CHARLOTTE, N.C. -- Charlotte-Mecklenburg Schools announced a plan Thursday that will allow most middle school sports programs to continue.
CMS had originally budgeted for no middle school sports.
Instead, district leaders now believe they have enough funding to support football, basketball and track & field for boys, as well as basketball, volleyball, cheerleading and track & field for girls.
“We are very excited at the district level,” said interim athletic director Sue Doran. “It is tremendous for character building. This puts student athletes in daily contact with coaches who can impact their lives.”
However, not all sports will be funded under the current plan. Soccer and golf will be eliminated, along with boys’ baseball and girls’ softball.
Friday, some student-athetes at a local gym say they're still planning to play sports that will be canceled, just not with CMS.
"I'll be playing for a club," explained 8th graded Robbie Swartz. "I won't be playing for school, but I wanted to play for school."
There are people in the community who are trying to have all middle school sports return.
“We’re alive, but we’ve got a lot more growing to do. I want all those sports back. I want more back,” said Tripp Roakes, a baseball coach and the founder of the group “Save Middle School Sports.”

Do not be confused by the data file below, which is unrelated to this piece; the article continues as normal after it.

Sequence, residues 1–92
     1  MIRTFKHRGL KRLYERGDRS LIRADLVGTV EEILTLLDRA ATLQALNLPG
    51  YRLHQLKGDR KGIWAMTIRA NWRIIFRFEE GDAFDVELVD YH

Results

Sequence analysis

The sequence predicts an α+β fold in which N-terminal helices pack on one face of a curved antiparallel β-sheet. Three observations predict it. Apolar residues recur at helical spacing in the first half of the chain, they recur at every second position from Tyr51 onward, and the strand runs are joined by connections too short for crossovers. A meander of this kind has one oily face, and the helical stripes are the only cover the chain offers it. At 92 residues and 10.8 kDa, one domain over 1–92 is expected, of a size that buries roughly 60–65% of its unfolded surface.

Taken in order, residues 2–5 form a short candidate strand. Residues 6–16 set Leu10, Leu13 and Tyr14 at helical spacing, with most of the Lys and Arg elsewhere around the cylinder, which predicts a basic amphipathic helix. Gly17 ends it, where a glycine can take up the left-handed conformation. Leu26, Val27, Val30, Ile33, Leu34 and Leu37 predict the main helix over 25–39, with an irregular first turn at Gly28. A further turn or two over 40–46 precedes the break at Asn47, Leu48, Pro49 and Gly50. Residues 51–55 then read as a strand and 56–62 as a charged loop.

By cutting four sports, CMS does expect about 2,000 student-athletes to be impacted. This year, 6,260 athletes took part in middle school sports. Next year, CMS is projecting about 4,300 will take part.
The new plan – being called a “hybrid plan” by CMS athletic officials – will cost about $833,000 to fund in the 2011-2012 school year.
That funding will come from a $50 middle school athlete participation fee, a $1 ticket surcharge on all games, and funding from private donors.
“None of the money, zero, not one penny that we are using to fund middle school athletics is taken away from a teacher’s job,” said Doran.
Doran said it would likely take about $325,000 in additional funding to bring back all sports. But she cautioned it would need to be a stable source of funding that could be counted on year after year, instead of a one-time charitable gift that could fluctuate each school year.
“If we are ever going to bring back soccer, baseball, softball or golf, it is going to take community involvement,” she said.
Each middle school is expected to announce further details through a ConnectEd message that will go out to parents next week.